By Brian Kreissl
I've written before about how we in human resources seem to have a penchant for creating new buzzwords and catch phrases to describe many of the concepts relating to our profession.
On the whole, I understand why this is the case because often the new terms seem to capture new developments and subtle nuances that differentiate the new terminology from the old. One example I’ve used in the past was employee onboarding — which differs considerably from traditional orientation in that it is more strategic, longer-term and holistic.
Different terms for training and development
However, at times the different terms can be confusing and sometimes even downright annoying. One example relates to what most HR practitioners refer to as training and development and the many different labels that exist for that particular discipline.
As most readers are probably aware, training refers more to learning that relates to an employee’s current role, and development is more about preparing individuals for future roles. While the two terms are often used interchangeably, there is a difference.
Training and development also frequently encompasses different types of interventions beyond traditional classroom learning. Those activities include coaching, mentoring, on the job learning, simulations, e-learning and other types of facilitated and independent learning.
But I’m actually more interested in some of the other labels for that function. One label frequently used by specialists in this area is learning and development.
I suppose there's nothing wrong with that term because it recognizes how it might be a bit of a stretch to refer to many learning activities these days through the paradigm of “training.” In many ways, it's somewhat difficult to refer to self-directed, asynchronous learning as training, which tends to suggest traditional instructor-led classroom training.
But what about the term human resources development (HRD)? I could be wrong, but my perception is it seems a bit old school and perhaps not a term we tend to use much in North America.
While the actual definition of the term was something I was unsure of and wondered about for years, I finally looked it up today. Basically, HRD encompasses training and development along with organizational development, and possibly other concepts such as onboarding.
Therefore, it’s a broader term than training and development. It recognizes that the organization has a part to play and that learning and development should have an organizational component as well.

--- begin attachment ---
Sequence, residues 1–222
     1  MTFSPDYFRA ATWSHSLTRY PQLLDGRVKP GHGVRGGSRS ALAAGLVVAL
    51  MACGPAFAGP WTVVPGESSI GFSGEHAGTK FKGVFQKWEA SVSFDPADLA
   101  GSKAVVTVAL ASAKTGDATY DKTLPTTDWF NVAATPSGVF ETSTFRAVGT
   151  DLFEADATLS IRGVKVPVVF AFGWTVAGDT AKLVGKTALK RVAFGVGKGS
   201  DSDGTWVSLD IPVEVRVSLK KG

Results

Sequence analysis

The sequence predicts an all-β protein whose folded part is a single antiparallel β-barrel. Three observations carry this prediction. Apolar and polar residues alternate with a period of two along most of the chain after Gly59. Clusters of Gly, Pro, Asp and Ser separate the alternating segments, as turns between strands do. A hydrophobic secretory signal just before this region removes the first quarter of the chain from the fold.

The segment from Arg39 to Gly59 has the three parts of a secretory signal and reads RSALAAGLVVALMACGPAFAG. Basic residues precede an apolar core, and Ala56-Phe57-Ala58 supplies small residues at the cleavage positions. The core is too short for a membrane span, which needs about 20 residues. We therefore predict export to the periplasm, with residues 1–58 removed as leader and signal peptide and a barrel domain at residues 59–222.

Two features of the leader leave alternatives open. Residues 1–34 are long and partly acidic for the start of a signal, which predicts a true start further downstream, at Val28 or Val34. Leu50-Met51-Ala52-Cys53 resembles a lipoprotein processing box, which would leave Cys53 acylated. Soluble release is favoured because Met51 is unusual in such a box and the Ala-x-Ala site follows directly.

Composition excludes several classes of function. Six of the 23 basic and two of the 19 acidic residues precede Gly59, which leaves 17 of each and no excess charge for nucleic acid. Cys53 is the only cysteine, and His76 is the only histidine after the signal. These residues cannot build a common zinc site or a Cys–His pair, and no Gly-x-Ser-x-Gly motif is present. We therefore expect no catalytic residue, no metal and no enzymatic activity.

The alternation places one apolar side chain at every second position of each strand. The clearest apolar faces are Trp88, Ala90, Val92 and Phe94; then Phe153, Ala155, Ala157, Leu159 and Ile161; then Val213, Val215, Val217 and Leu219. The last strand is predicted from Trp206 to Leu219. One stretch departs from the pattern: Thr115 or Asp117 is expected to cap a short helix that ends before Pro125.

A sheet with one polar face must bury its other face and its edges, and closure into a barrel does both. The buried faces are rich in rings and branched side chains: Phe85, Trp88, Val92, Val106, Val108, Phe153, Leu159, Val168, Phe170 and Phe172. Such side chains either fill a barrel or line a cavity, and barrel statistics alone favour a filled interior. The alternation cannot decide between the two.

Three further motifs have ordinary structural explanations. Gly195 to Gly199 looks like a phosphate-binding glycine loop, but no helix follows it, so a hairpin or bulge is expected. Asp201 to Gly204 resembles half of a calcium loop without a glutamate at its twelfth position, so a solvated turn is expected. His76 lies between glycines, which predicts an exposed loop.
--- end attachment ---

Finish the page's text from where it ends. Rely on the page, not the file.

But surprisingly, there is another relatively new term for training and development I just found out about — workplace learning and performance. I suppose the performance part makes sense in a way, but is there really a need for yet another term to describe training and development?
Employer versus talent branding
I believe strongly in the concept of employer (or employment) branding. To me, considering the branding or image surrounding an organization and the perception of what it’s like to work there is a good way to attract and retain talent.
In the past, I have preached about the importance of ensuring perception matches with reality and branding the organization internally through HR programs that ensure employees are treated consistently with the organization's employer brand. I also talked about the need to ensure employer branding is kept real so that organizations aren't promoting themselves as an employer of choice when the reality is completely different.
Imagine my surprise when I found out that some of what I was referring to wasn’t even about employer branding but talent branding instead. According to some commentators, talent branding is different from employer branding and is more about reality than perception or marketing spin.
My understanding is talent branding is more internally focused and is really about how an organization’s workforce views the employment value proposition. It focuses on the experiences of employees rather than the perceptions of external candidates.
The idea is an organization’s talent brand should mesh with its employer brand. But I’ve been saying that for a while – even if I wasn’t using the term “talent branding.”
Did we really need a term for the internal part of employer branding? I would argue the existing term was broad enough to encompass the experiences of internal employees and that a proper employer branding strategy should include that. In other words, I don’t agree that employer branding is solely about hype, spin or promoting the organization to external candidates.
To me, new terminology only really makes sense where it adds something valuable to the debate.